Aspiration pneumonia


Aspiration pneumonia is inflammation of the lungs and airways to the lungs (bronchial tubes) from breathing in foreign material.Aspiration pneumonia occurs when foreign materials (usually food, liquids, vomit, or fluids from the mouth) are breathed into the lungs or airways leading to the lungs.This may lead to:A collection of pus in the lungs (lung abscess)Swelling and inflammation in the lungA lung infection (pneumonia)

Alternative Names

Anaerobic pneumonia; Aspiration of vomitus; Necrotizing pneumonia; Aspiration pneumonitis

Causes, incidence, and risk factors

Risk factors for aspiration or breathing in of foreign material into the lungs are:Being less alert due to medicines, illness, or other reasonsComaDisorders of the esophagus, the tube that moves food from the mouth to the stomach (esophageal stricture, gastroesophageal reflux)Drinking large amounts of alcoholMedicine to put you into a deep sleep for surgery (general anesthesia)Old agePoor gag reflex in people who are not alert (unconscious or semi-conscious) after a stroke or brain injury Problems with swallowing Acidic material that is breathed into the lungs can cause severe lung injury. However, it may not necessarily lead to pneumonia.


Bluish discoloration of the skin caused by lack of oxygenChest painCough With foul-smelling phlegm (sputum)With sputum containing pus or bloodWith greenish sputumFatigueFeverShortness of breathWheezingOther symptoms that can occur with this disease:Breath odorExcessive sweating Swallowing difficulty

Signs and tests

A physical examination may reveal:Crackling sounds in the lungsDecreased oxygenRapid pulse (heart rate)The following tests may also help diagnose this condition:Arterial blood gasBlood cultureBronchoscopyChest x-rayComplete blood count (CBC)CT scan of the chestSputum cultureSwallowing studies


Some people may need to be hospitalized. Treatment depends on the severity of the pneumonia. You may receive antibiotics, which treat bacteria. Some people may get special antibiotics to treat bacteria that live in the mouth.The type of bacteria that caused the pneumonia depends on:Your healthWhere you live (at home or in a long-term nursing facility, for example)Whether you've recently been hospitalizedRecent antibiotic useYou may need to have your swallowing function tested. Patients who have trouble swallowing may need to use other feeding methods to reduce the risk of aspiration.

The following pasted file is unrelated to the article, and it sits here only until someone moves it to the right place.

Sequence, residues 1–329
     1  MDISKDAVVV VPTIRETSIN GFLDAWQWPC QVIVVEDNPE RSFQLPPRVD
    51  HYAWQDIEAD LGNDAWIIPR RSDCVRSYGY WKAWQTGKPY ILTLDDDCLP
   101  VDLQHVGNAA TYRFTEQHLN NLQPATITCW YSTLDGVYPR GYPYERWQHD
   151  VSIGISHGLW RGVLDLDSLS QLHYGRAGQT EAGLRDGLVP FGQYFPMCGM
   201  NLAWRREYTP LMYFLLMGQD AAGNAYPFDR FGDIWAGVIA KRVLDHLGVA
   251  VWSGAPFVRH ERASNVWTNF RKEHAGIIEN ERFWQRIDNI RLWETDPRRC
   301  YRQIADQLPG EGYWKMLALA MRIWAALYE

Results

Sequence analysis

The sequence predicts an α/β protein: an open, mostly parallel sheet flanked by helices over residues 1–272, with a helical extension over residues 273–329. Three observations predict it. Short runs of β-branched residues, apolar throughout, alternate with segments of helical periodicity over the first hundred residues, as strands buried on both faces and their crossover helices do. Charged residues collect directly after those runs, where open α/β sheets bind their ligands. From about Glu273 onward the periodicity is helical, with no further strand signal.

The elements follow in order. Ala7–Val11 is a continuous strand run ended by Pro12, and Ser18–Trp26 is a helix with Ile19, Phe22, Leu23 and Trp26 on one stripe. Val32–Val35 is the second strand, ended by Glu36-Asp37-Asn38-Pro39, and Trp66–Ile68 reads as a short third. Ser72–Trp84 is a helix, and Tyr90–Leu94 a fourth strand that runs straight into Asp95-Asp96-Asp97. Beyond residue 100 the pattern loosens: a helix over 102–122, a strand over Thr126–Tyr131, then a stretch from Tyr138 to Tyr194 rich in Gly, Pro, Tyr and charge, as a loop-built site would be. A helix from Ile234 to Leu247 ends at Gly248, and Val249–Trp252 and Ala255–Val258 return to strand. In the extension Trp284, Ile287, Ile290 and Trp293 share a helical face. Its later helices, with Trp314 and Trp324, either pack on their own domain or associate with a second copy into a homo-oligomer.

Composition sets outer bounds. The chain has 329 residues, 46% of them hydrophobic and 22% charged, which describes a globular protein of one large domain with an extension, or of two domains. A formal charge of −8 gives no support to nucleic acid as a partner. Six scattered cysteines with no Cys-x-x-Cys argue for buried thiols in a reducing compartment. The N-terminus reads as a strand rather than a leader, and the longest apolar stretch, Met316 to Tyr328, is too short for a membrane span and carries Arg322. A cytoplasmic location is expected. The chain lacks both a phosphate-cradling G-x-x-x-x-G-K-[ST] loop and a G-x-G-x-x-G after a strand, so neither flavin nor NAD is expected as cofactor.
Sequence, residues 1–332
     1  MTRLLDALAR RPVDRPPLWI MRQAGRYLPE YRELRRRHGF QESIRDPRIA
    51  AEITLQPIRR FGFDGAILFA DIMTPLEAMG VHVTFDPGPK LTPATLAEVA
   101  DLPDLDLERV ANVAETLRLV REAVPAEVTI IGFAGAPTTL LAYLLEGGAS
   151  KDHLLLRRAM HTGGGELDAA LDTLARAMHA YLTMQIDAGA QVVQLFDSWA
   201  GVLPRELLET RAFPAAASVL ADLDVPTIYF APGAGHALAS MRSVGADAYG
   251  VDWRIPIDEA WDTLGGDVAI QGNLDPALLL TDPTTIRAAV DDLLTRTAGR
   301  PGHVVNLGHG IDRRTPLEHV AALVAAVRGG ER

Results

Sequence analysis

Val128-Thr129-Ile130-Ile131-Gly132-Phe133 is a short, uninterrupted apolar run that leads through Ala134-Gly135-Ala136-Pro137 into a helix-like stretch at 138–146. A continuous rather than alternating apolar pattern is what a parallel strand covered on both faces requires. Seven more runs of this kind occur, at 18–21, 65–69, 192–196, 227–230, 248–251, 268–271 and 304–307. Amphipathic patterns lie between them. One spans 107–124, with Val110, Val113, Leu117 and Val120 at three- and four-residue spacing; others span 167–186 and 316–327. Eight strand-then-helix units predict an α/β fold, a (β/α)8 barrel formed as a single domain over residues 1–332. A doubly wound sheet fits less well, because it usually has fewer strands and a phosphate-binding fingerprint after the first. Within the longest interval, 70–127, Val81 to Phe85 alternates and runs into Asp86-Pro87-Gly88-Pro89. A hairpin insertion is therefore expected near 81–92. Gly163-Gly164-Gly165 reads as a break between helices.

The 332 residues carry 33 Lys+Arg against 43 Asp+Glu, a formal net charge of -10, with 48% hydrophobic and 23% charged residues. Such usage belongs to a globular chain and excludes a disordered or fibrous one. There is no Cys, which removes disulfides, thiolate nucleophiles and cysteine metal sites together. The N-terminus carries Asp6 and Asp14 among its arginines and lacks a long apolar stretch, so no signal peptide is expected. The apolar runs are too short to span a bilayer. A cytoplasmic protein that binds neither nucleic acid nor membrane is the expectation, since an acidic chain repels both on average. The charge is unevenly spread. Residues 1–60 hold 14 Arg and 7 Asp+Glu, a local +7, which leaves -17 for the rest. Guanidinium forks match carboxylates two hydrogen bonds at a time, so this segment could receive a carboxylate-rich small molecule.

Expectations (prognosis)

The outcome depends on:The severity of the pneumoniaThe type of bacteria causing the pneumoniaHow much of the lungs are involvedIf acute respiratory failure develops, the patient may have a long-term illness or die.Many people who have aspiration pneumonia have other serious health problems, which may affect the outlook for recovery.


Acute respiratory distress syndromeLow blood pressurePneumonia with lung abscessShockSpread of infection to the bloodstream (bacteremia)Spread of infection to other areas of the body

Calling your health care provider

Call your health care provider, go to the emergency room, or call the local emergency number (such as 911) if you have:Chest painChillsFeverShortness of breathWheezing


Avoid behaviors that may lead to aspiration, such as excessive alcohol useBecome aware of the risk of aspiration


Donowitz GR. Acute pneumonia. In: Mandell GL, Bennett JE, Dolin R, eds. Principles and Practice of Infectious Diseases. 7th ed. Philadelphia, Pa: Elsevier Churchill Livingstone; 2009:chap 64.Torres A, Menéndez R, Wunderink R. Pyogenic bacterial pneumonia and lung abscess. In: Mason RJ, Broaddus VC, Martin TR, et a. Murray & Nadel's Textbook of Respiratory Medicine. 5th ed. Philadelphia, Pa: Saunders Elsevier; 2010:chap 32.

Review Date: 2/19/2011
Reviewed By: Linda J. Vorvick, MD, Medical Director, MEDEX Northwest Division of Physician Assistant Studies, University of Washington, School of Medicine; and Denis Hadjiliadis, MD, Assistant Professor of Medicine, Division of Pulmonary, Allergy and Critical Care, University of Pennsylvania, Philadelphia, PA. Also reviewed by David Zieve, MD, MHA, Medical Director, A.D.A.M., Inc.
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